Brexit's cliff edge: 'business as usual' not an option
By Tom Miles
GENEVA (Reuters) - Failure to strike a trade deal with the European Union by a two-year deadline would force Britain to adopt World Trade Organization arrangements, bringing with it a host of new negotiations and complications.
In a nutshell, Britain would have to treat everyone the same, whether it wanted to or not, from Russian exporters to Brazilian lawyers and U.S. advertising firms. And that includes its former colleagues, suppliers and clients in the EU.
The British government sees the WTO as a default fall-back position if it cannot forge a new deal with the EU that would allow business ties to continue. But time is short, the negotiations are complex, and Prime Minister Theresa May has said no deal would be better than a bad deal.
Adopting WTO rules, however, would open a whole new range of complexities.
For one thing, countries now at a relative distance like China, Russia and India would suddenly be able to take legal action -- with a threat of sanctions -- should Britain allow some of its firms to keep trading with the EU as they have been.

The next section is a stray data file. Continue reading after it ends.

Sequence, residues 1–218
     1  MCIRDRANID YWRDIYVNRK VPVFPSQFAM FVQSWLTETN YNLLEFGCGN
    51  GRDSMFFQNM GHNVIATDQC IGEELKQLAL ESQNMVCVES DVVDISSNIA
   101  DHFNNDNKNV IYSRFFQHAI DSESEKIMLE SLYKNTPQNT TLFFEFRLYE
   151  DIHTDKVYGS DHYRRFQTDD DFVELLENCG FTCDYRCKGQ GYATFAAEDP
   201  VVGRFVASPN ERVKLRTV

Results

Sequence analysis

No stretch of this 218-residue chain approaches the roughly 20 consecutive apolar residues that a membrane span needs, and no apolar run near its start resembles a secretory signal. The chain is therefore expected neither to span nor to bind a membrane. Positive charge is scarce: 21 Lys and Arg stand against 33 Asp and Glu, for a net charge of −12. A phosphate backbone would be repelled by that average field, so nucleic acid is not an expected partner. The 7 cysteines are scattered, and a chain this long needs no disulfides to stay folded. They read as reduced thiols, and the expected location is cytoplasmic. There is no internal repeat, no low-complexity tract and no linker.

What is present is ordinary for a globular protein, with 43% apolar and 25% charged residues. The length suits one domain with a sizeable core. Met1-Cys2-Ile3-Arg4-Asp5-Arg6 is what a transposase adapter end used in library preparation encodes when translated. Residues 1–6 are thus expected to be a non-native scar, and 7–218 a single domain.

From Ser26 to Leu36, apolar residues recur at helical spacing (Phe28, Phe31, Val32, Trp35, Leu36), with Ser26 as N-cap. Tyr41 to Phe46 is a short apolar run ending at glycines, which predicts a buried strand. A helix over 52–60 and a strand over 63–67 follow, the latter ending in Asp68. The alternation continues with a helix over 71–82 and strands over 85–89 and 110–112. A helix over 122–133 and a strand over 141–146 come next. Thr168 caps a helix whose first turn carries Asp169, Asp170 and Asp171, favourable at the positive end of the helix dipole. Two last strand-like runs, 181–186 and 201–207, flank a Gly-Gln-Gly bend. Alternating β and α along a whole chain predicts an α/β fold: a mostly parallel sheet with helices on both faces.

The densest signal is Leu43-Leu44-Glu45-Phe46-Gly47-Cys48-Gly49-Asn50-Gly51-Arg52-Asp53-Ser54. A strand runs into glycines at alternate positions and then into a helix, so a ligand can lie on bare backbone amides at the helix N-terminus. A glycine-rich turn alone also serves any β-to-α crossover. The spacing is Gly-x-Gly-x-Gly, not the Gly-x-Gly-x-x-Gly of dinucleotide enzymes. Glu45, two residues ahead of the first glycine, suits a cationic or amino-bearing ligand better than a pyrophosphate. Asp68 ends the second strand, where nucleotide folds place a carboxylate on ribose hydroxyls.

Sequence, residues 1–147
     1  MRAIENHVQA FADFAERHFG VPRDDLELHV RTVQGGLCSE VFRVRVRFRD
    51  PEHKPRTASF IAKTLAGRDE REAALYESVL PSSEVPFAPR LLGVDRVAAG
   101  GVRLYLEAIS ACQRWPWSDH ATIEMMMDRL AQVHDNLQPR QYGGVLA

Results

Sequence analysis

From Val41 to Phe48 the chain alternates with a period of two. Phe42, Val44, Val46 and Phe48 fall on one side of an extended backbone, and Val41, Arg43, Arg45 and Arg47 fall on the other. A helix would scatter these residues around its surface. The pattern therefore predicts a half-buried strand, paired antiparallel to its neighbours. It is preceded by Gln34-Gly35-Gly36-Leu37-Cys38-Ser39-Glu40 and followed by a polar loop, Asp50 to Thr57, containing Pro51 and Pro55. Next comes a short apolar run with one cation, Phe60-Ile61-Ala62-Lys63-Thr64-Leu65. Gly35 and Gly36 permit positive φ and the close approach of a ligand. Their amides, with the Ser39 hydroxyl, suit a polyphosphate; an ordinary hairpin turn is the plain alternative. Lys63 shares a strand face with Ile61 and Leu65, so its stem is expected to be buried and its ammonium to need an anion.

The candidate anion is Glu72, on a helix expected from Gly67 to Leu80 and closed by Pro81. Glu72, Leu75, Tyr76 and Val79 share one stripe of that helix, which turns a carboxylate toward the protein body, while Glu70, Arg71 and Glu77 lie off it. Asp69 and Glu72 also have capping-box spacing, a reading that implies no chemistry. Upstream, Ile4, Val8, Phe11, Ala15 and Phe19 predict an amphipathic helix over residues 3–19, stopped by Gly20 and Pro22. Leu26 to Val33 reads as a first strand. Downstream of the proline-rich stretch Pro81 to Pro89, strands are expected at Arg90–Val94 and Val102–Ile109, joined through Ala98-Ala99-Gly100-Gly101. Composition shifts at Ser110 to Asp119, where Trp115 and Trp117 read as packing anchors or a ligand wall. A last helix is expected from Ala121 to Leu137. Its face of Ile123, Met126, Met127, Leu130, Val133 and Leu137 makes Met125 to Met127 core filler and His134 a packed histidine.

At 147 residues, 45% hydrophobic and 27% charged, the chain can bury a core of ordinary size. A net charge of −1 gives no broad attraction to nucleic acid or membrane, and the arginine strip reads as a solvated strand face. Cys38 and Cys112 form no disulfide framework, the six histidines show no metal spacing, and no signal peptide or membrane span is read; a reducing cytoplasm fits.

There would be a legal free-for-all, although the open skies deals underlying aviation between Britain and the continent would have vanished, while the lawyers trying to sort it out might encounter unaccustomed restrictions on their right to work seamlessly across the European continent.
The prime reason is that without a new EU trade deal, Britain would not be allowed to be more open to the EU than it is to other World Trade Organization members.
The WTO's "most favoured nation" principle means offering the same deal to all comers, not only in terms of tariffs on imported goods but also in cross-border services such as insurance, telecoms, engineering and transport. Continued...